According to the International Union for Conservation of Nature (IUCN), which chronicles wildlife under threat of extinction, the number of at-risk or endangered sharks, rose from 15 to 181 species in the past 12 years.
The Food and Agriculture Organization (FAO) of the United Nations began encouraging countries to adopt "International Plan of Action for Management and Conservation of Sharks" (IPOA) since 1998. The FAO Fisheries and Aquaculture Department's website lists 13 national plans implemented around the world during the past decade. Simon Funge-Smith, senior fishery officer for FAO in Asia, said the number of shark IPOAs remains disappointingly low, especially among the largest shark fishing nations.
The FAO database FishStatJ shows that the quantity of "sharks, rays and chimeras" harvested, peaked at 900,179 tons in 2003. That's more than triple the quantity the department reported captured in 1950. Harvests have gradually declined since 2003. The quantity captured in 2009 (721,163 tons) is almost back to the level of 20 years ago. "This is due to less targeting, perhaps lower reporting," Funge-Smith said.
Tabloid news and cinema tend to typecast sharks as ravenous monsters. Cue the "Jaws" soundtrack. But they also regulate marine ecosystems. Scientists say the shark is also one of the world's oldest surviving species, predating the age of dinosaurs by 100 million years.
Studying sharks in open ocean environments would be a logistical nightmare. The (sometimes clandestine) fin trade is similarly murky above water: Fins are often re-sold multiple times. Traders label fins with market names unrelated to species. Hong Kong's import records note only the processed state of the products, i.e. salted, or dried vs unprocessed, rather than scientific names. Vendors jumble fins from different species in the same bags.
Market confusion means consumers don't know what they're eating. A Hong Kong-based NGO dedicated to oceanic awareness, Bloom, hired a team of scientists at City University of Hong Kong to study genetic and mineral composition of fins sold in Sheung Wan. "Some of the fins you can tell very easily what type of shark they're from, based on the texture and the size, but for others it's much more difficult," said Margaret Murphy, one of the lead scientists researching the issue since 2010.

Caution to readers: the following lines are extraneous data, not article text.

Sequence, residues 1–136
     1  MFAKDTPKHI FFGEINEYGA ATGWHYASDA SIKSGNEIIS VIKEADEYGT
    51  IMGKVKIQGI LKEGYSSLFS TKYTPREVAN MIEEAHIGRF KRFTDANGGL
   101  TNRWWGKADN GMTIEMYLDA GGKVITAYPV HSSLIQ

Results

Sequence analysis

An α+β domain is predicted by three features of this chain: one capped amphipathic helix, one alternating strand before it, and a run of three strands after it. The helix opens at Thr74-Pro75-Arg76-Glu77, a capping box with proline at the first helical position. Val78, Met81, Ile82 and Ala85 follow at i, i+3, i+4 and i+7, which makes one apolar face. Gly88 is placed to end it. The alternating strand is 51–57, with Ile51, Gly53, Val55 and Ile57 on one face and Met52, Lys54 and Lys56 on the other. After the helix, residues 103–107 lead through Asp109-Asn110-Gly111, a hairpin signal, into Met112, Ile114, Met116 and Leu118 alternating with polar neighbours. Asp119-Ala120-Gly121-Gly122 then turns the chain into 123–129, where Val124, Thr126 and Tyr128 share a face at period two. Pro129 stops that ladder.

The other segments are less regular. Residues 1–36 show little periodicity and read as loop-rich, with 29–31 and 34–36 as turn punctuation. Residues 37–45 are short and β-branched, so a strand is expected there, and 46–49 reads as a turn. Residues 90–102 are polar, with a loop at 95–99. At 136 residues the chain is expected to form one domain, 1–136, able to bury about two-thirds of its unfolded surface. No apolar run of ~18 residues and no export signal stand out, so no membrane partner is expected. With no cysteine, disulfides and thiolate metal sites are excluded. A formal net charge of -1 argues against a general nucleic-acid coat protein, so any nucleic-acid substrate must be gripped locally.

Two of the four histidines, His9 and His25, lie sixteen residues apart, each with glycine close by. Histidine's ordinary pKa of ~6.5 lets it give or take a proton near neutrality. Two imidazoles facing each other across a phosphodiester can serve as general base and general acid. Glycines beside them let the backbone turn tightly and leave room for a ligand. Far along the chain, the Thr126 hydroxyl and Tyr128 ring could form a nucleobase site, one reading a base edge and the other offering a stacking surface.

She said lack of data confounds attempts to gauge sustainable shark populations. Many shark species remain a mystery to scientists. One species sampled in the study was carcharhinus altimus, the "bignose shark". Murphy said a fisherman might have randomly caught the shark listed as data-deficient in IUCN rolls, and they sampled the species by coincidence. "Or it could be that the more accessible sharks, living at depths nearer to the surface, are not as available and fisherman are going deeper."
The report is not yet complete, but Murphy said research has found IUCN endangered shark species in the samples. It has also found evidence to refute concerns that shark fin soup poses any health risk from bioaccumulation of trace contaminants such as mercury.
Silvy Pun, an officer with the WWF in Hong Kong said the certification framework is essential for local traders to continue, but international or locally certified "sustainable" does not yet resonate here. In October Canada announced the opening of the world's first (and only) Marine Stewardship Council certified "sustainable" shark fishery for spiny dogfish. Fillets from the species sell in Britain as "rock salmon". The WWF in Canada is acting as advisor on the project.